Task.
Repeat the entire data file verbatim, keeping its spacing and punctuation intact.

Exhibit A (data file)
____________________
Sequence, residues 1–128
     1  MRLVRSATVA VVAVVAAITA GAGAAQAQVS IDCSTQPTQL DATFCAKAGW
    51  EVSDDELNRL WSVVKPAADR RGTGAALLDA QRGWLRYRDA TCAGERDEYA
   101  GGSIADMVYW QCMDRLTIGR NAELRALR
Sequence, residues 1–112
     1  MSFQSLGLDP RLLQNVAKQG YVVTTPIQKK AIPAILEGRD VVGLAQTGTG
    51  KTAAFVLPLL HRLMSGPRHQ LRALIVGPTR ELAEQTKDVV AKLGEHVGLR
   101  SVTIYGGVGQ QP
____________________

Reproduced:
Sequence, residues 1–128
     1  MRLVRSATVA VVAVVAAITA GAGAAQAQVS IDCSTQPTQL DATFCAKAGW
    51  EVSDDELNRL WSVVKPAADR RGTGAALLDA QRGWLRYRDA TCAGERDEYA
   101  GGSIADMVYW QCMDRLTIGR NAELRALR
Sequence, residues 1–112
     1  MSFQSLGLDP RLLQNVAKQG YVVTTPIQKK AIPAILEGRD VVGLAQTGTG
    51  KTAAFVLPLL HRLMSGPRHQ LRALIVGPTR ELAEQTKDVV AKLGEHVGLR
   101  SVTIYGGVGQ QP